Russia also has vital interests in the oil and gas complexes of Central Asia. The region possesses enormous reserves, making it important for Moscow to pursue economic advantages while simultaneously fulfilling the strategic role of ensuring Russian control in the sphere of oil and gas production and transportation in its near abroad. In addition, Russia seeks to avoid economic isolation by building new pipelines across its territory. The activities of Russian oil and gas companies in Central Asia are growing in Kazakhstan, where the struggle for control of oil exports has already started. This is true to a lesser degree in Turkmenistan and Uzbekistan.
Russian political analysts tend to look at their country as a status quo power in Central Asia that prefers gradual transformation as a choice between rapid transition to democracy and maintaining stability. They prefer a process of gradual transformation underscored by stability rather than attempts at the imposition of Western-style democratic models alien to these states.
Changing Contours of Russian Engagement
Concerned with the growing American and Chinese influence, and given its strategic interests in the region, Russia has been incrementally enhancing its engagement with the intention of expanding, consolidating and further strengthening its relations with C.A.R. Under President Putin, Russia is aiming to establish a stronger position in the region with emphasis on greater cooperation in the energy and military sectors; this is signified by a series of bilateral and multilateral agreements into which Russia has recently entered.
Following the U.S. denial of aid to President Islam Karimov of Uzbekistan due to his government's dismal human rights record, Russia seized the opportunity to formalize economic and military agreements with Uzbekistan that are likely to not only enhance its standing with Uzbekistan but in all of Central Asia. Under the terms of the agreement, the two countries are to develop a wide-ranging security system that encompasses ministries of defense, interior, foreign affairs and security councils. Tackling terrorism, weapons of mass destruction, narcotics trade and organized crime are some of the stated objectives of the partnership.
This has been followed by a breakthrough in relations with Tajikistan. A recent bilateral agreement will create the establishment of a Russian military base, border cooperation wherein Russia will assist Tajikistan in development and performance of its border guard structures, as well as military aid. Furthermore, Russia's Federal Security Service will establish a border operations group to coordinate such partnership and assist Tajikistan in guarding its border. At the signing ceremony in Dushanbe, Putin stressed that a Russian military presence in Tajikistan will guarantee Russian investments and overall stability in the region.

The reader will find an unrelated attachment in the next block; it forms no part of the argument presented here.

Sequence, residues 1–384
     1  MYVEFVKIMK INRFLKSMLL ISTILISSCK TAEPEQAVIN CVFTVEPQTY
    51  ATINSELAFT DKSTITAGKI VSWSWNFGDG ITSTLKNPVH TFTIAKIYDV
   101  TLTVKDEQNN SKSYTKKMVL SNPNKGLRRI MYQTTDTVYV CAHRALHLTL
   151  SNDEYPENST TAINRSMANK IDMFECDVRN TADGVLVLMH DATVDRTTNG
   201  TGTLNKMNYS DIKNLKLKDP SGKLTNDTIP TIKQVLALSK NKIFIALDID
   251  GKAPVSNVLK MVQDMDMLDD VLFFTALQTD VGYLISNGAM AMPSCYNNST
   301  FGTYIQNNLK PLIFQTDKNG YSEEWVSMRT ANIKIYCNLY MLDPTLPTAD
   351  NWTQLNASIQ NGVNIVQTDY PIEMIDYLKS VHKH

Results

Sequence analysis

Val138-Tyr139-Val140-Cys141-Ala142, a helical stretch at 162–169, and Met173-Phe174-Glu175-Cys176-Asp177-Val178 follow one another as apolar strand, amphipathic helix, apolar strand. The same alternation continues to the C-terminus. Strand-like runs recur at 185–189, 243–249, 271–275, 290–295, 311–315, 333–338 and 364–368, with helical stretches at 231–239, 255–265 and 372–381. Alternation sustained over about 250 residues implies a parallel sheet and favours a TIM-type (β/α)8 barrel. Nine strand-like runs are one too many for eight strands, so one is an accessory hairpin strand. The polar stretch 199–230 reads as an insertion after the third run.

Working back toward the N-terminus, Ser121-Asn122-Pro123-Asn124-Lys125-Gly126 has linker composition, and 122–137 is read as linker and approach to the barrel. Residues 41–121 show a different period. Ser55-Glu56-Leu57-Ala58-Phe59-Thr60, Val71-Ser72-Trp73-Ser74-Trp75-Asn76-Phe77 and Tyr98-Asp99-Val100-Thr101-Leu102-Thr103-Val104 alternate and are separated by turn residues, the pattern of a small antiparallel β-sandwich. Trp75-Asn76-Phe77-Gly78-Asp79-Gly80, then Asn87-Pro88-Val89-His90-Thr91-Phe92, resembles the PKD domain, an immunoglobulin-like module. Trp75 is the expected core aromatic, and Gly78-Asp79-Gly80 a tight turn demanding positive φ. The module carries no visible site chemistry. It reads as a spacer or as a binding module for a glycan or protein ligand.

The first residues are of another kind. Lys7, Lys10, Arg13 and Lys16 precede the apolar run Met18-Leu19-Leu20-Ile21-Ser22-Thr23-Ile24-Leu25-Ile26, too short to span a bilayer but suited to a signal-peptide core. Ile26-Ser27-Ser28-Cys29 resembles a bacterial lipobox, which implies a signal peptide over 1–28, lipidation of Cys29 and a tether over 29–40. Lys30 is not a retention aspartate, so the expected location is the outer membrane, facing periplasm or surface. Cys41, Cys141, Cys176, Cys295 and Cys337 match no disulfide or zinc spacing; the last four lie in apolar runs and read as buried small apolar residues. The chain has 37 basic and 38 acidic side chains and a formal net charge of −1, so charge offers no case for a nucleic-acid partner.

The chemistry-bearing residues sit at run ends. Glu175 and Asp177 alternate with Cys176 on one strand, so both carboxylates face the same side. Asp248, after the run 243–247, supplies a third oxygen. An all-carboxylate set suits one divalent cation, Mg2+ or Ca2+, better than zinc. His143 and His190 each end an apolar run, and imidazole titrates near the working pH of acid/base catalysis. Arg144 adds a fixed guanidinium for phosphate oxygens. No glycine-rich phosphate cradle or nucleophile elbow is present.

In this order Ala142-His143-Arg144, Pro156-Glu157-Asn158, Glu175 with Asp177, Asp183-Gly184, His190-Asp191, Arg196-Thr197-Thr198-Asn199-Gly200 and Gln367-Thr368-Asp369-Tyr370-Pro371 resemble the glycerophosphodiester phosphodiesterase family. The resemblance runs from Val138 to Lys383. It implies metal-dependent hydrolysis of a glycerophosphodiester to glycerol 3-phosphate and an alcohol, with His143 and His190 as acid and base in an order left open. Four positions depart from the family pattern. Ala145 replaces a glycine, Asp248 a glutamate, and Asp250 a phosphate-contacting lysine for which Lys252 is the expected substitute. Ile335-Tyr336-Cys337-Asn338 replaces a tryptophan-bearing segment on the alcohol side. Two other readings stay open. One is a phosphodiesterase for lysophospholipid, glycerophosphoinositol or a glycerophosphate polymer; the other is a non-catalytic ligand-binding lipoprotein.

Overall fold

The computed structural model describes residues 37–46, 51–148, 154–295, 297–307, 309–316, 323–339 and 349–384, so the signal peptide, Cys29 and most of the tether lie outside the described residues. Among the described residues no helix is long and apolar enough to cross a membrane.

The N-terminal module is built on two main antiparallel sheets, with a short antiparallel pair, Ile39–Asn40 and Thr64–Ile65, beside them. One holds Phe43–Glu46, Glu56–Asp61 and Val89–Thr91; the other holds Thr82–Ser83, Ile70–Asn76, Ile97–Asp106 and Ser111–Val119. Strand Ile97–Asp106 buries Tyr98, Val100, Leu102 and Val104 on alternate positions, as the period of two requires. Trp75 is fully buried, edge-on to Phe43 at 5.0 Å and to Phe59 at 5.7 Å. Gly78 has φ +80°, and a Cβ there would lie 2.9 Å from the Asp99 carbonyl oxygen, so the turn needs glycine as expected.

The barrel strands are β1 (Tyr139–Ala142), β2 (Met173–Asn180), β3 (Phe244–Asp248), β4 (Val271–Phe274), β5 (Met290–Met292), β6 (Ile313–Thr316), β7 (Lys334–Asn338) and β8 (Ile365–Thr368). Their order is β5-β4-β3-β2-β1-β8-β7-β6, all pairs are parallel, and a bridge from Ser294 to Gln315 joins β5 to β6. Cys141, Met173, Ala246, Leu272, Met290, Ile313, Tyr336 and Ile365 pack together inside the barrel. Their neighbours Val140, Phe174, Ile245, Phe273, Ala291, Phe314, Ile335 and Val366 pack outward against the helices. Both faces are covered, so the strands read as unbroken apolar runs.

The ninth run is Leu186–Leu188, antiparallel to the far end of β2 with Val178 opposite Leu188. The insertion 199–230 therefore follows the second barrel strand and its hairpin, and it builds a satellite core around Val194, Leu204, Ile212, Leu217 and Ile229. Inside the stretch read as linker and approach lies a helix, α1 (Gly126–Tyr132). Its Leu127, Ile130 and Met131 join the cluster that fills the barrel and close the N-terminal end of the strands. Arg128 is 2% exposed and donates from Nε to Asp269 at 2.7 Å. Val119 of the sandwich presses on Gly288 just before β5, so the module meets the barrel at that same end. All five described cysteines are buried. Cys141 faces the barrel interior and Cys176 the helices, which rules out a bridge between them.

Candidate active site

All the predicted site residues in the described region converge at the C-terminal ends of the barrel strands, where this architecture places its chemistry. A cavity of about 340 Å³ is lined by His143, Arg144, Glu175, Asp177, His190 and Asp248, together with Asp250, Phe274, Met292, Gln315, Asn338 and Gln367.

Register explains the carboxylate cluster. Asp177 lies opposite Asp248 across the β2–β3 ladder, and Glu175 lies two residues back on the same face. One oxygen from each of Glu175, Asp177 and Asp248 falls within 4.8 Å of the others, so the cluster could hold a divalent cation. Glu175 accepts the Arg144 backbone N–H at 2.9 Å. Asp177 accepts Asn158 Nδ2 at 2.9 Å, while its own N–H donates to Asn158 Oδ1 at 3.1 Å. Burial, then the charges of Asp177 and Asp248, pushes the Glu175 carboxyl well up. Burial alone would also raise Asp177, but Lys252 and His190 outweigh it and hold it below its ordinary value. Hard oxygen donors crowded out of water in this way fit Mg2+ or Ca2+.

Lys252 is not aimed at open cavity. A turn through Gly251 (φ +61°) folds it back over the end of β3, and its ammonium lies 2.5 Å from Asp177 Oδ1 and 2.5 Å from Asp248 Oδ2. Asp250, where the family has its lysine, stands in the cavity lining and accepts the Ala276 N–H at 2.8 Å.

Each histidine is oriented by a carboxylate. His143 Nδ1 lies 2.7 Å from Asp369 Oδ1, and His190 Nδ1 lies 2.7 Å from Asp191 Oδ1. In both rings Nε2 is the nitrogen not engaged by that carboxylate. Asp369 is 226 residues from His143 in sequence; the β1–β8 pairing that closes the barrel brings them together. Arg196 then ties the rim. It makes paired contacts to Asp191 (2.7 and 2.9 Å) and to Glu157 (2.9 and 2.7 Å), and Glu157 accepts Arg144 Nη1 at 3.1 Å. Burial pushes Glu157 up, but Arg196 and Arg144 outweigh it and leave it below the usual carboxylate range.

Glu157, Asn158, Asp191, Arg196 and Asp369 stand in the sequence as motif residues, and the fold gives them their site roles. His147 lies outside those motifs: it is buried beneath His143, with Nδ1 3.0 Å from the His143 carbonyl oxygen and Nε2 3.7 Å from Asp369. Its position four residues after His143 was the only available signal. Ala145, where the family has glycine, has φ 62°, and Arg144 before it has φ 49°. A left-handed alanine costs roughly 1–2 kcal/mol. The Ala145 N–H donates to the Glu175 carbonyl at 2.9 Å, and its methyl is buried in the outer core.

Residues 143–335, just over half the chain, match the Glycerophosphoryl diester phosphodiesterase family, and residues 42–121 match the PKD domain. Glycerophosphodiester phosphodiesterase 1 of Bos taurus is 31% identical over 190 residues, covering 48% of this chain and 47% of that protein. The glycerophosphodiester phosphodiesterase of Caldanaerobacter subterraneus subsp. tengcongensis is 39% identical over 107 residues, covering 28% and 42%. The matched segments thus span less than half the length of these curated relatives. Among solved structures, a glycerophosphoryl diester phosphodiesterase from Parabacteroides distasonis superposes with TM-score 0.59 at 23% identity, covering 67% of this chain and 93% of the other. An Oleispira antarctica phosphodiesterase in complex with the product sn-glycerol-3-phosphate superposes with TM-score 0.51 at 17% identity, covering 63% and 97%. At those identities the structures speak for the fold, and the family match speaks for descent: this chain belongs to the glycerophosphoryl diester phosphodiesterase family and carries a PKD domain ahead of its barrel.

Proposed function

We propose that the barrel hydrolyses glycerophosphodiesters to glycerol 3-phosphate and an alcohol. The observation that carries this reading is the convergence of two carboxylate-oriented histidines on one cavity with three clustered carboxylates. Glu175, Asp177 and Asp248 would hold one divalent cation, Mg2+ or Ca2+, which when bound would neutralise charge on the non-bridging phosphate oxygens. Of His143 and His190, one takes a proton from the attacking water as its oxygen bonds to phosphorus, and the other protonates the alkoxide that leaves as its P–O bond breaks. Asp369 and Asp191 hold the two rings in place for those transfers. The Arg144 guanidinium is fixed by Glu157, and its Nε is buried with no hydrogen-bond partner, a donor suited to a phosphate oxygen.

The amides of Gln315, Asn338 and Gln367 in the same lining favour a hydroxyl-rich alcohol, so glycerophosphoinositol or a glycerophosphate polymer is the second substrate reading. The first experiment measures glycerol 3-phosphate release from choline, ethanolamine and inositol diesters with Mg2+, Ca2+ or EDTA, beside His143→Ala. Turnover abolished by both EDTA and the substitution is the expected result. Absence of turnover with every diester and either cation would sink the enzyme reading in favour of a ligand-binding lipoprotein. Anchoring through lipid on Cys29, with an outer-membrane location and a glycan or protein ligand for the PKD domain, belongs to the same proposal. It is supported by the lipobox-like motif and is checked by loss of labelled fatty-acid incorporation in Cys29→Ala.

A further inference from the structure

Another prong of Russia's multi-pronged regional engagement strategy has been its formal joining of the Central Asian Cooperation Organization (C.A.C.O.) on October 18, 2004. Set up in 1994 as a purely economic organization, C.A.C.O. is now being transformed into an all-encompassing regional setup with an agenda that includes political, economic and anti-terror issues. This move is increasingly seen as a check of the U.S. and Chinese push into the region.
Similarly, Russia, as mentioned earlier, has extensive economic and political linkages with Kazakhstan, renewing the lease deal of the Baikonur space center for the next fifty years. It is also discussing Kazak gas exports to Europe through Gazprom. Russia has also developed significant military and economic ties with Kyrgyzstan by opening a military base near the city of Kant.
Beyond this economic and military bilateral engagement, Russia is enhancing its hold through the Collective Security Treaty (C.S.T.), now transformed into the Collective Security Treaty Organization (C.S.T.O.), making Russia a dominant player in this arrangement. Russia is also forging close ties with the Shanghai Cooperation Organization (S.C.O.) to keep Chinese influence in check. As part of the increasing security interaction, Russia has promised to hold large C.S.T.O. exercises in Tajikistan during the first half of 2005.